Human Chameleons

Today’s topic sparked from a recent article I read online about office suckups, and let me to consider an even more insidious element of them — the chameleon.

He starts wearing ties and stops sending those PG rated e-mails around the office when the promotion opportunity is soon to open. She panders when speaking, telling each audience that they are her best. He expresses different opinions on the same subject depending on who he’s talking with. She tells her boss, “Marvelous idea!” while telling her co-workers, “The boss’ idea is terrible.” He tells his audience while running for office, “I actually voted for it before I voted against it.”

We’ve all known them, maybe worked with a few. I have. They are human chameleons.

The most skilled at this act are subtle, not overt — clever shysters who, as the old saying goes, could con you out of the lint in your pocket and convince you to buy it back for a hundred bucks. They have enough aptitude to make it seem like they have far more, enough knowledge to be dangerous. Through guile and cunning, knowing exactly what to say to please everyone along the way, they ascend through the professional ranks and attain positions of power, thereby propagating their disproportionate influence, setting an example for the aspirant that, yes, the way to succeed is by being a chameleon.

Others run their games of deception in personal life: the smooth talker who takes a different woman to bed every week, the equal opportunity seductress, the cult leader. The chameleons I have observed are a fascinating study in the flaws of humanity; yet I can’t stop being amazed the people fall for it.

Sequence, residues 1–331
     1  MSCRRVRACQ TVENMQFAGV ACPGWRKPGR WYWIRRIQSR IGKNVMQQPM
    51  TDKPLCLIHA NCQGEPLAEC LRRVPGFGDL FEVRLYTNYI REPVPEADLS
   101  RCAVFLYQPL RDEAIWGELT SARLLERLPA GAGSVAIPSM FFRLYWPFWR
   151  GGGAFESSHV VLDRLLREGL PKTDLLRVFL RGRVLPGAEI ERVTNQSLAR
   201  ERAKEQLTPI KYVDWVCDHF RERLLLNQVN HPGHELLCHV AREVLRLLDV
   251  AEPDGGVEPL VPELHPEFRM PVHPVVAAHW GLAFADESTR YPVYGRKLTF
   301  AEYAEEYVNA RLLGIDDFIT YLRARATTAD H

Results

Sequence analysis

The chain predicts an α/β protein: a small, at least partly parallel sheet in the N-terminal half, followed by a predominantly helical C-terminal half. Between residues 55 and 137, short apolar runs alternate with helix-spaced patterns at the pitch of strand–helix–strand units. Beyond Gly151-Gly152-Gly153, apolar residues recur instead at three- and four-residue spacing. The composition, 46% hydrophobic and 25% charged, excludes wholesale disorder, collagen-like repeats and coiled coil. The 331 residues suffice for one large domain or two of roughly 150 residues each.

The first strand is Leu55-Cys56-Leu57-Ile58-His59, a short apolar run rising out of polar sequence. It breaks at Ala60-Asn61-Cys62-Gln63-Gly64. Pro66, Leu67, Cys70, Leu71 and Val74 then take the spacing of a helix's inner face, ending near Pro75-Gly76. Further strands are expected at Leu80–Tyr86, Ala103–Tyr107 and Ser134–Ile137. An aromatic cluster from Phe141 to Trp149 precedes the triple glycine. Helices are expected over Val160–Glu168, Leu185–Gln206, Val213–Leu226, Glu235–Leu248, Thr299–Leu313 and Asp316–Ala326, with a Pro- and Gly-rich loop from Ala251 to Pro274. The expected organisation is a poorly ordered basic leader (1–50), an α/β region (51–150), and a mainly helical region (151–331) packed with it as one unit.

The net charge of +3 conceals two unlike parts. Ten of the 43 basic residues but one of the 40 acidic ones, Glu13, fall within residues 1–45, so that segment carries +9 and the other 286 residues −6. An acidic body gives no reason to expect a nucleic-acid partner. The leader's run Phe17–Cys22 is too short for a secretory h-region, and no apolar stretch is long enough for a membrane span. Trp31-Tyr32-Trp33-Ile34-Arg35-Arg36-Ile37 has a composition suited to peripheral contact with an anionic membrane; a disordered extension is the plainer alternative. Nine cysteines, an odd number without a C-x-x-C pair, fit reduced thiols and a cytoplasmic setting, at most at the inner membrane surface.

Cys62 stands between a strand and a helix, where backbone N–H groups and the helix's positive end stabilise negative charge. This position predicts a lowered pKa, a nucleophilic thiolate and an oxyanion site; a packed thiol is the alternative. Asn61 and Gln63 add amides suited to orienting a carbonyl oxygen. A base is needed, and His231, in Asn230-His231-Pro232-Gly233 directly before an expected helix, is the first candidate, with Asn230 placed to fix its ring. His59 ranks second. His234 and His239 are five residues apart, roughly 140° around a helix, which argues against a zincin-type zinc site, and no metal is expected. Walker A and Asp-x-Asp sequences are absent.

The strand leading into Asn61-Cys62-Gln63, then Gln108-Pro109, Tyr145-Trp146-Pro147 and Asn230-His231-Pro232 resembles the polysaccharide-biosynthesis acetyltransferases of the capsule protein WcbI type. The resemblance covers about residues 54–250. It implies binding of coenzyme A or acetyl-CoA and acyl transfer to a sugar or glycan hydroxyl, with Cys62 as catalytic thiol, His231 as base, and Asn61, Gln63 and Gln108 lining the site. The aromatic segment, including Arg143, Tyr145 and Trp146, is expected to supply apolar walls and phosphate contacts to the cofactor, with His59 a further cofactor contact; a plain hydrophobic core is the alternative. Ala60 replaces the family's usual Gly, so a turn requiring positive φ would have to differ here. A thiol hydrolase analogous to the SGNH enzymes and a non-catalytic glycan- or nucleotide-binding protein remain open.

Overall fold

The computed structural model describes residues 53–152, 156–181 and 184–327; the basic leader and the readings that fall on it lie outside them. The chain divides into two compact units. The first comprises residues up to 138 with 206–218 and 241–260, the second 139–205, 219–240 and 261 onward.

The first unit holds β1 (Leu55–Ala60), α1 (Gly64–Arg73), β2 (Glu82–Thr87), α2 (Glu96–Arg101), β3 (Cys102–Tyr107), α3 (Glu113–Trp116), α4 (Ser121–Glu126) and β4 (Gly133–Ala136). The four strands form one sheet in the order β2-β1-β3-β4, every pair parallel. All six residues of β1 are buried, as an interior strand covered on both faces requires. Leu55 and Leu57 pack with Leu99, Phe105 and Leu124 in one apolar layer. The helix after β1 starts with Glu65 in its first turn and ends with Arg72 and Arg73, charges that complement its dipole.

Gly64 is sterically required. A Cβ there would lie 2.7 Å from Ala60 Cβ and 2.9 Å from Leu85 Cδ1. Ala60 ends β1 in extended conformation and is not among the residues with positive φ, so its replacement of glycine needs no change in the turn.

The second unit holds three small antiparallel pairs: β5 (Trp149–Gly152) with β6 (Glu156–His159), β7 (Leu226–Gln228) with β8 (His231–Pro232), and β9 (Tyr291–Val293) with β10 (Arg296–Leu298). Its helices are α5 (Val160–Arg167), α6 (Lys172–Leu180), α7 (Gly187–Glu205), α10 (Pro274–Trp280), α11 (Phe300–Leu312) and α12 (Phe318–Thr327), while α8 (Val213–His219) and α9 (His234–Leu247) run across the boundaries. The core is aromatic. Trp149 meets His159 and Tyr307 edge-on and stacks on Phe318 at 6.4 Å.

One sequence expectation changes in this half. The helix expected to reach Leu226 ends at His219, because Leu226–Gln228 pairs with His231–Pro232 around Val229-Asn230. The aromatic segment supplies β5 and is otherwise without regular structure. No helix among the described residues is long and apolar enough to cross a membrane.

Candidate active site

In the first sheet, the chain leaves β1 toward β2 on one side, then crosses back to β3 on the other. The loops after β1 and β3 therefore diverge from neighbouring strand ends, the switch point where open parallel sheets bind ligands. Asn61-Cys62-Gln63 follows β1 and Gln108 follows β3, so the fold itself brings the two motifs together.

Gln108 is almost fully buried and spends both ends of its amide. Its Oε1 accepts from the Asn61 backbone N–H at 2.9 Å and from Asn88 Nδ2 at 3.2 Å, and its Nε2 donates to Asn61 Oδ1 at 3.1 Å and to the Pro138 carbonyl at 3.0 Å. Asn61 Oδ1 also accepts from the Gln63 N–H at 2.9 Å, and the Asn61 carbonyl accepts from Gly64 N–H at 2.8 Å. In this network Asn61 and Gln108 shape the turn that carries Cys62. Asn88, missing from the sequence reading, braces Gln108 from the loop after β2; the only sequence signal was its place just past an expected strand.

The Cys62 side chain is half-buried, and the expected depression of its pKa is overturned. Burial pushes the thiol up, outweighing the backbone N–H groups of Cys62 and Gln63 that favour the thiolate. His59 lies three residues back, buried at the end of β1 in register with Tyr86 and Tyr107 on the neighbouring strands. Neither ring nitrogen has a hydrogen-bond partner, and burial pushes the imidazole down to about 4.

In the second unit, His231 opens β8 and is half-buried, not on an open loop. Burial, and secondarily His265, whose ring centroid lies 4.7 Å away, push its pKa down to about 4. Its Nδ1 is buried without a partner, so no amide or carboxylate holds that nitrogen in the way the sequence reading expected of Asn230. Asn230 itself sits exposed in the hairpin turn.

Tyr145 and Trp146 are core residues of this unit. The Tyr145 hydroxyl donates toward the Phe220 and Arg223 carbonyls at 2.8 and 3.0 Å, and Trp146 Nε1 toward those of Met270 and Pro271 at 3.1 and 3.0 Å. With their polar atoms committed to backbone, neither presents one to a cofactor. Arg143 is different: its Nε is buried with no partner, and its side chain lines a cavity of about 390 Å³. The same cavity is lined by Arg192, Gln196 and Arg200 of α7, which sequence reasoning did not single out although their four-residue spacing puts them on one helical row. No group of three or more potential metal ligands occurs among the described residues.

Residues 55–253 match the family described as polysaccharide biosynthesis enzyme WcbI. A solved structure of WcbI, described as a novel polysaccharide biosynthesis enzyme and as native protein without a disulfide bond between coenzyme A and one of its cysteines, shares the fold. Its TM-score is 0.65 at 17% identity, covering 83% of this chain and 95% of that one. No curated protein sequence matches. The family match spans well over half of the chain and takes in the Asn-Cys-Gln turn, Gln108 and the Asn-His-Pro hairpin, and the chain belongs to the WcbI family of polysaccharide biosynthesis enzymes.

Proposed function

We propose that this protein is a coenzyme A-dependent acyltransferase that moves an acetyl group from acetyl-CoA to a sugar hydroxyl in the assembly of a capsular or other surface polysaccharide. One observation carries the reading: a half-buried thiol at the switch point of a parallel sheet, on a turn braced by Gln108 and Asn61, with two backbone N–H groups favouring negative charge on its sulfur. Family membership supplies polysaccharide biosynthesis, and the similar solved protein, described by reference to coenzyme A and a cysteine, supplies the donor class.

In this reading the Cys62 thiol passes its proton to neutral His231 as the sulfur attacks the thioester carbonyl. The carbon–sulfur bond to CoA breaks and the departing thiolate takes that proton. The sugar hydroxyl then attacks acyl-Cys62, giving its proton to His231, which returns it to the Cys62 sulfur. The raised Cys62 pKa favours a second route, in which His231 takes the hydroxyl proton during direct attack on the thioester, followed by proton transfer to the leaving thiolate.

I don’t resent such people as much as I pity them because of their weakness. Yes, weakness. Putting on airs, false fronts, pandering, flip-flopping one’s act, all symptomize a deep character flaw, one that goes beyond its intrinsic dishonesty to a profound lack of personal integrity.

Chameleon-like behavoir, for those astute enough to notice, conveys the message as if a neon sign lit brightly upon the forehead: “I’m too wimpy and weak to just be myself, to be honest with others about who I am, to be real instead of putting on an act. I am merely a simpering faker, a pandering weakling, an actor instead of a real person. And I don’t have enough respect for you to be honest about myself.” My respect for such people is essentially zero.

Fakers, chameleons, and flip-floppers may get away with it for some time, especially in politics or in some corporate and government hierarchies where butt kissing and “playing the part” are valued above honesty and authenticity. But eventually the chameleon is exposed — somehow, some way — and his magnificent house of cards collapses with a humiliating and irreparable implosion. Ask Ken Lay, Rick Neuheisel, Gary Hart, Jim Bakker, Bill Clinton, Pete Rose. And though they may fall the farthest, it’s not just the famous who topple when revealed. Ask the thousands of cubicle-bound Dilberts nationwide whose bosses actually are smart enough to figure out they were play-acting, and denied their promotions. [Yes, supervisors with such awareness exist, but are far too uncommon!]